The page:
Trends in Serum Per-and Polyfluoroalkyl Substance (PFAS) Concentrations in Teenagers and Adults, 1999–2018 NHANES

By Nilisha Khadgi Sonnenberg, Akinloye Emmanuel Ojewole, Catherine Oluwalopeye Ojewole, Otite Precious Lucky, and Joseph Kusi
Int. J. Environ. Res. Public Health
October 27, 2023
DOI: 10.3390/ijerph20216984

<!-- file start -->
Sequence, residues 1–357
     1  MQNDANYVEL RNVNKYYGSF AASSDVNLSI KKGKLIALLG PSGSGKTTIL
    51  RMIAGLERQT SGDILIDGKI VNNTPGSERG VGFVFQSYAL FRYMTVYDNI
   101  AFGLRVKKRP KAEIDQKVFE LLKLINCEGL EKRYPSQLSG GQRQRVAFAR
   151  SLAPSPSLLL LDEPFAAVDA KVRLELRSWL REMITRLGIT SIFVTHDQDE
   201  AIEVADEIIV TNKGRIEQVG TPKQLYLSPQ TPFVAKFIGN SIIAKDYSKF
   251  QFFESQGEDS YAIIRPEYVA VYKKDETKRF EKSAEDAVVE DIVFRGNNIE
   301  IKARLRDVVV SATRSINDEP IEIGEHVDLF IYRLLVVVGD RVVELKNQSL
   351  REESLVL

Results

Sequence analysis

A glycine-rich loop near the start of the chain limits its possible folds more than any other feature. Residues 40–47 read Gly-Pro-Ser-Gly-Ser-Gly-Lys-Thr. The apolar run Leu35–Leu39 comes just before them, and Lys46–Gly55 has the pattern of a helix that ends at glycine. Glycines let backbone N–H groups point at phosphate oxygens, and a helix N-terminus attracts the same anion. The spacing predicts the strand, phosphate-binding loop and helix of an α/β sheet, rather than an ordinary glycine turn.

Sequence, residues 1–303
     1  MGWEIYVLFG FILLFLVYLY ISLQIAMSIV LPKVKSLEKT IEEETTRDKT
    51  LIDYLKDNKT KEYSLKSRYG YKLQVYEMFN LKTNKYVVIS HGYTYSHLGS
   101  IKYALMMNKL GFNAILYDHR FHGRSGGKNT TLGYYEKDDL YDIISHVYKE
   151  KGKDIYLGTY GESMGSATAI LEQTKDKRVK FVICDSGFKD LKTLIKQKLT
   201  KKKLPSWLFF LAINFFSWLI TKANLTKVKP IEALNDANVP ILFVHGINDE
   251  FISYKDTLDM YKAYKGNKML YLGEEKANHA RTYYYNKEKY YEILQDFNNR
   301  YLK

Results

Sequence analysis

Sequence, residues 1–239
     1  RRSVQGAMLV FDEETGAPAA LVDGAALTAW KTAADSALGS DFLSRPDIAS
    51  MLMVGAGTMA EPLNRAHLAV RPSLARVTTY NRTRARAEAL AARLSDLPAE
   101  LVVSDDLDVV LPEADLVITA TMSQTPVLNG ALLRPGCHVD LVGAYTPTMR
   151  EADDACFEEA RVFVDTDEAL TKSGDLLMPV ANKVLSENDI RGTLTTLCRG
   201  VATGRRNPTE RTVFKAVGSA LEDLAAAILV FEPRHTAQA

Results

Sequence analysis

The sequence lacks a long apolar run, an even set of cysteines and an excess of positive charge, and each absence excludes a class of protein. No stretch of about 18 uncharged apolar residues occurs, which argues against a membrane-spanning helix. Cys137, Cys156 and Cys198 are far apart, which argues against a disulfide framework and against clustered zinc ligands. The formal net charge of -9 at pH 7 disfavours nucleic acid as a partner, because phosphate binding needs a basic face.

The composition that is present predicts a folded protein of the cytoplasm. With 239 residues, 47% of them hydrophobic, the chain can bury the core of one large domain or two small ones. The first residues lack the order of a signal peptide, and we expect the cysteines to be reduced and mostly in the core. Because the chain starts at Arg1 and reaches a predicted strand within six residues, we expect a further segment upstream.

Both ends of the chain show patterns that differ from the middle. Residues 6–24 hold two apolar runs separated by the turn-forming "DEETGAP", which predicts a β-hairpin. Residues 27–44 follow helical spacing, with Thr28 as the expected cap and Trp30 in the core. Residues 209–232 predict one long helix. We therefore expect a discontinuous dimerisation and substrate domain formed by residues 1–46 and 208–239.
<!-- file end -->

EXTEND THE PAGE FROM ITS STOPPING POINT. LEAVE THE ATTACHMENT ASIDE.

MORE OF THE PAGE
Some types of per- and poly-fluoroalkyl substances (PFAS) have been banned over the last two decades, but millions of Americans continue to have exposure to the compounds through drinking water and consumer products. Therefore, understanding the changes in serum PFAS concentrations after their limited use is necessary to protect public health. In this study, we evaluated trends of serum PFAS compounds (PFOS, PFOA, PFHxS, PFDA, and PFNA) to determine their distribution among the United States general population. We analyzed serum concentrations of PFAS measured from random subsamples of the National Health and Nutrition Examination Survey (NHANES) participants. The study results demonstrated that demographic factors such as race/ethnicity, age, and sex may influence the levels of serum PFAS over time. Adults, males, Asians, Non-Hispanic Blacks, and Non-Hispanic Whites had high risks of exposure to the selected PFAS. Overall, serum PFAS levels declined continuously in the studied population from 1999 to 2018. Among the studied population, PFOS and PFDA were the most and least prevalent PFAS in blood serum, respectively. Serum levels of PFDA, PFOA, and PFHxS showed upward trends in at least one racial/ethnic group after 2016, which underscores the need for continuous biomonitoring of PFAS levels in humans and the environment.


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